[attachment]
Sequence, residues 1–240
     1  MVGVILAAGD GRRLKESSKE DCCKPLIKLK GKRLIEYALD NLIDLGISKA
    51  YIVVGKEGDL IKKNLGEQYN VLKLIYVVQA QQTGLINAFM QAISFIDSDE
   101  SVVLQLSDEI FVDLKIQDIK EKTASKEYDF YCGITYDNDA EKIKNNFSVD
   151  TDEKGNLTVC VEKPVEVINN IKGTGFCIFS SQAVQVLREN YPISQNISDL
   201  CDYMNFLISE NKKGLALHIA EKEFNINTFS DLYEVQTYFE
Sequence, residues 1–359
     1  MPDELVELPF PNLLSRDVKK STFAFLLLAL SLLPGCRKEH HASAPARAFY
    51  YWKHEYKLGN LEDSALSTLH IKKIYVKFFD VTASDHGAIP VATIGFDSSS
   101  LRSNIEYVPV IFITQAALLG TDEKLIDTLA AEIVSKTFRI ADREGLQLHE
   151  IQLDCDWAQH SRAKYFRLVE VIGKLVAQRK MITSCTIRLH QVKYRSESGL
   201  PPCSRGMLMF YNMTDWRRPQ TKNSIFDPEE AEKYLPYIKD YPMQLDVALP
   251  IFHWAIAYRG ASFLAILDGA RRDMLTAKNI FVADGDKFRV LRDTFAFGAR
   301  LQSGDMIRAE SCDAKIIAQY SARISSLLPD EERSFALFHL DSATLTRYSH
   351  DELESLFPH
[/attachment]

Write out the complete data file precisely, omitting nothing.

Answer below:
Sequence, residues 1–240
     1  MVGVILAAGD GRRLKESSKE DCCKPLIKLK GKRLIEYALD NLIDLGISKA
    51  YIVVGKEGDL IKKNLGEQYN VLKLIYVVQA QQTGLINAFM QAISFIDSDE
   101  SVVLQLSDEI FVDLKIQDIK EKTASKEYDF YCGITYDNDA EKIKNNFSVD
   151  TDEKGNLTVC VEKPVEVINN IKGTGFCIFS SQAVQVLREN YPISQNISDL
   201  CDYMNFLISE NKKGLALHIA EKEFNINTFS DLYEVQTYFE
Sequence, residues 1–359
     1  MPDELVELPF PNLLSRDVKK STFAFLLLAL SLLPGCRKEH HASAPARAFY
    51  YWKHEYKLGN LEDSALSTLH IKKIYVKFFD VTASDHGAIP VATIGFDSSS
   101  LRSNIEYVPV IFITQAALLG TDEKLIDTLA AEIVSKTFRI ADREGLQLHE
   151  IQLDCDWAQH SRAKYFRLVE VIGKLVAQRK MITSCTIRLH QVKYRSESGL
   201  PPCSRGMLMF YNMTDWRRPQ TKNSIFDPEE AEKYLPYIKD YPMQLDVALP
   251  IFHWAIAYRG ASFLAILDGA RRDMLTAKNI FVADGDKFRV LRDTFAFGAR
   301  LQSGDMIRAE SCDAKIIAQY SARISSLLPD EERSFALFHL DSATLTRYSH
   351  DELESLFPH